Service animals assist people with many different types of disabilities and can make a real difference. However, laws regarding service animals can be confusing. Disability Rights Wisconsin is here to provide support and information on this topic, and to help you know and exercise your rights as an owner or potential owner of a service animal.
Under state and federal statutes and regulations, persons with disabilities are allowed the use of service animals in many locations where animals are otherwise prohibited.
Federal policy regarding service animals is found primarily in Title III of the Americans with Disabilities Act (ADA), and is based on previous interpretations of section 504 of the 1973 Rehabilitation Act, 29 U.S.C. 794. The federal Fair Housing Act reasonable accommodation provisions also have applicability to service animals.
Under the ADA, privately owned businesses that serve the public, such as restaurants, hotels, retail stores, taxicabs, theaters, sports facilities, and hospitals are considered public accommodations, and are prohibited from discriminating against individuals with disabilities. Under section 36.302 of the Title III rules, 28 C.F.R. 36.302, a public accommodation is required to modify policies, practices, or procedures to permit the use of a service animal by a person with a disability, unless doing so would result in a fundamental alteration of the goods or services provided, or the safe operation of a public accommodation would be jeopardized. According to policy guidance provided by the Department of Justice, the intent of this regulation is to ensure the broadest feasible access be provided to service animals in all public accommodations, including hospitals and nursing homes.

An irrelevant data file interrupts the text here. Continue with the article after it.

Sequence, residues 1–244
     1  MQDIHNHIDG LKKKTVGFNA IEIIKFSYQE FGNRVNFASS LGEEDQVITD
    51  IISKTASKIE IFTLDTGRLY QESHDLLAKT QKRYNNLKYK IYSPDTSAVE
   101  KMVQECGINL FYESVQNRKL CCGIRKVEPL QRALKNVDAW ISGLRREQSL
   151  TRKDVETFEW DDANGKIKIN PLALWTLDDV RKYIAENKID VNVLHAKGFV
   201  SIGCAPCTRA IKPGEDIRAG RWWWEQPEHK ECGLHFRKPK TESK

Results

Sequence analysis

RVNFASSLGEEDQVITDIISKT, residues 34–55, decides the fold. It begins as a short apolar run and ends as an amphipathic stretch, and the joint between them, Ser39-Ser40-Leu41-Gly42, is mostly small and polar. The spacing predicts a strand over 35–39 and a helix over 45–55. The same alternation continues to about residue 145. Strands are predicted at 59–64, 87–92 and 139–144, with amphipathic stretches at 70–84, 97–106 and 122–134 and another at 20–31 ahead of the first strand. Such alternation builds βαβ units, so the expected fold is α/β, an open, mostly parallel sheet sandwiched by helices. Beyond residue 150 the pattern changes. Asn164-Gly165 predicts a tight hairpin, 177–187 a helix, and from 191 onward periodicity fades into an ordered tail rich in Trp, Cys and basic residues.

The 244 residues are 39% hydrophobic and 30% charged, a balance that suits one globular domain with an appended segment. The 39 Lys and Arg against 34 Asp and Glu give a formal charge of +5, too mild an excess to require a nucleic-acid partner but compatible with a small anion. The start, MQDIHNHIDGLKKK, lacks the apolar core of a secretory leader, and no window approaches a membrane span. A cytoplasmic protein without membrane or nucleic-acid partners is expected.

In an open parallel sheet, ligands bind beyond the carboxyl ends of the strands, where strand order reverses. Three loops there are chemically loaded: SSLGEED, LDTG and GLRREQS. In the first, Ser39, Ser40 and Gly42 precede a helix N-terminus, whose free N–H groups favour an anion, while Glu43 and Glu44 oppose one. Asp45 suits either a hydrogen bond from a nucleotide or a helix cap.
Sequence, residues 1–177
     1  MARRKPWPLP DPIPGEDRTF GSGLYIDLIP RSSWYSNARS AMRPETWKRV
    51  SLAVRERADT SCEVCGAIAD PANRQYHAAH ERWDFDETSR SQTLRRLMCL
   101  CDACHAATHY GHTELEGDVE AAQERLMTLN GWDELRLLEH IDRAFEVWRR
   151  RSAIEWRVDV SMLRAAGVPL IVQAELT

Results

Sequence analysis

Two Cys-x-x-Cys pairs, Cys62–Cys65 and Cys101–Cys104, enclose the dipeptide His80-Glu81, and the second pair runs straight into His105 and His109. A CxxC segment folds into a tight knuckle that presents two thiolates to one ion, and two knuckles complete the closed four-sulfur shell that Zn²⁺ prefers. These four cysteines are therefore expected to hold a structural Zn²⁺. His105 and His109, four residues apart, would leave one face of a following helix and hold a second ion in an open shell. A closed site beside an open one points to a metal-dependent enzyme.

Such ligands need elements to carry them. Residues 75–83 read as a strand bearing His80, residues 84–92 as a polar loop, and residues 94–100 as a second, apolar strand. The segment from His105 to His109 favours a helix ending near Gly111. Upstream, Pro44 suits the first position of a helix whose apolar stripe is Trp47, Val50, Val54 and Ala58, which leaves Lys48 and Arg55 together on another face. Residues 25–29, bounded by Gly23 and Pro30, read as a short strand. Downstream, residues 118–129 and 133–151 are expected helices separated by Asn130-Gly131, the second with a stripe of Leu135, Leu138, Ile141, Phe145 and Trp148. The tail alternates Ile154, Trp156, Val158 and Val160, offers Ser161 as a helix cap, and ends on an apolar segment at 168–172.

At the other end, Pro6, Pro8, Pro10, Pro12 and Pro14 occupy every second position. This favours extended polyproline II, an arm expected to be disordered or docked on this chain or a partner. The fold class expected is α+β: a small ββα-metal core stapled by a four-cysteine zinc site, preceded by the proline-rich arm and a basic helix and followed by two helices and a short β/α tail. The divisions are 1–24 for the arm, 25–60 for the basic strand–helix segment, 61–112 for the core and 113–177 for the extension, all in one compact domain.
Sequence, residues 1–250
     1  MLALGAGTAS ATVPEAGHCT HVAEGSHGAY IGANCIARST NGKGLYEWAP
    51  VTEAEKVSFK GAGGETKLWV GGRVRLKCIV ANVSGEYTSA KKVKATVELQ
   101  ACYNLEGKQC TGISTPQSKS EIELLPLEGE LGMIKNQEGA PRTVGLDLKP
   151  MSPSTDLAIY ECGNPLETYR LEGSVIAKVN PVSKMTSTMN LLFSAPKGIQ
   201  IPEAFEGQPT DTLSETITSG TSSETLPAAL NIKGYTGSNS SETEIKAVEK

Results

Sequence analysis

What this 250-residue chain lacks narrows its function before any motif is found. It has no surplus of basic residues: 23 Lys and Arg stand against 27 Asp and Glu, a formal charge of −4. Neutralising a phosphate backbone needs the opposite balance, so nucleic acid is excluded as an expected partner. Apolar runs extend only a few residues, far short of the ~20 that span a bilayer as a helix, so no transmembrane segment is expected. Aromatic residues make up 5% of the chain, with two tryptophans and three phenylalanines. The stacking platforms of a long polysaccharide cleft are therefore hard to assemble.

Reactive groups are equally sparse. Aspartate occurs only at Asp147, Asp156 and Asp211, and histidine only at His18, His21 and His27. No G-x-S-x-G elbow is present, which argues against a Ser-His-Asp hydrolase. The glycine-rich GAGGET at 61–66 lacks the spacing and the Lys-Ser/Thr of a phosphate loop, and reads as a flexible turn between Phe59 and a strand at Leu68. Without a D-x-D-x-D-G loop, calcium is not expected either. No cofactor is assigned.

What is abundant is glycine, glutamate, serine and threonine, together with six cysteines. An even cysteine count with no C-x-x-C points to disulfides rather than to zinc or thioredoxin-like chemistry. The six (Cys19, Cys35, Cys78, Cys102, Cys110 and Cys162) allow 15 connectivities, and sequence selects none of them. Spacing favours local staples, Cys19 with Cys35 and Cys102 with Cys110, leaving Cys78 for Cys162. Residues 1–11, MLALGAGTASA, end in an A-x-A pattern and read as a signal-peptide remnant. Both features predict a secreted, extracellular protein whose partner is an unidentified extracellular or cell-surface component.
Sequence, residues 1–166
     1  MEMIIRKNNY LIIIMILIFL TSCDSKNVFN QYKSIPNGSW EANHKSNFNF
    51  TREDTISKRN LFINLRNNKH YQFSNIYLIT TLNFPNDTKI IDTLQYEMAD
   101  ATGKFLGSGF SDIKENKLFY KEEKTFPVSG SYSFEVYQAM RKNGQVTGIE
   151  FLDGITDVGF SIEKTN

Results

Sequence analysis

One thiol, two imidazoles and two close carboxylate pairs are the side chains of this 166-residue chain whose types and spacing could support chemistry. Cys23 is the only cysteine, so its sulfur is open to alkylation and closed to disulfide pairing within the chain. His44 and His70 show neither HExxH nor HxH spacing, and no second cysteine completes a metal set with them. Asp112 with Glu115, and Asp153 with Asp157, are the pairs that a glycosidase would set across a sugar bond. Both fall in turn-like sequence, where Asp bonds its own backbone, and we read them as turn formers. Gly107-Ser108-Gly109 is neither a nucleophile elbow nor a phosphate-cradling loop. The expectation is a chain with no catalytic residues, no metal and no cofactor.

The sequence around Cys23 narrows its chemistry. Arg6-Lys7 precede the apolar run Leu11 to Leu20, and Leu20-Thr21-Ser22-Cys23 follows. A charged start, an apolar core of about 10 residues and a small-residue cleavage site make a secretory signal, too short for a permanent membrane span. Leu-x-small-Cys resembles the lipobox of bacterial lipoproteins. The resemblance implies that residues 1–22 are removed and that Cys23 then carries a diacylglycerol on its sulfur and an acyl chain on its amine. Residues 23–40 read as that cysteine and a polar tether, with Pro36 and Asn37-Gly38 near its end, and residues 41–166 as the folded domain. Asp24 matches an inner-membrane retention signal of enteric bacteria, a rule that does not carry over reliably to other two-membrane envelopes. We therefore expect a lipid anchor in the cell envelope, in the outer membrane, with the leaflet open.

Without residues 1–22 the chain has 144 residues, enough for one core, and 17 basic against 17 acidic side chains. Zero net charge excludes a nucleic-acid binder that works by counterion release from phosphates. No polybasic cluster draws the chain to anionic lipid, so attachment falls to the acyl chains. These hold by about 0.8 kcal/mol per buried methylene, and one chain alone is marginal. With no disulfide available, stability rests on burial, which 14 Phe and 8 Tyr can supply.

Service animals for individuals with disabilities are covered under two sections of state law, public accommodations and housing.
Places of public accommodation, amusement, or recreation are not allowed to deny access to any person who is blind, deaf or mobility impaired because the person is accompanied by a specially trained dog. In addition, public accommodations cannot deny access to a person with a disability being trained in the use of a specially trained dog, or to a trainer who is preparing such animals for their eventual use by persons with disabilities. The statute goes on to say that the provisions only apply if the dog is wearing a harness or a leash and special cape, and the person has presented credentials about the dog issued by a school that trains such animals, but the broader provisions of the ADA (see above) have priority over this limitation.
Under Wisconsin housing law, if an individual’s vision, hearing, or mobility is impaired, it is discrimination to refuse to rent or sell housing, evict from housing, or harass an individual because s/he keeps an animal that is specially trained to lead or assist the individual. The statute states that upon request, the individual is required to show credentials issued by a school recognized as accredited to train such animals, but a court case has shown that the broader provisions of federal law have priority over this requirement.
There is an exception in the housing law in the case of owner-occupied housing. If the owner or a member of their immediate family can show evidence of an allergy to the specific type of animal the individual with a disability possesses, it is permissible to refuse to rent to the individual
Disability Rights Wisconsin provides service counseling on how to file a complaint and how to make yourself heard if your rights as an owner of a service animal are infringed. Below you will find resources to learn your rights as a service animal owner.
Other places that may be able to help you:
You can find more information on this topic from these websites and publications:
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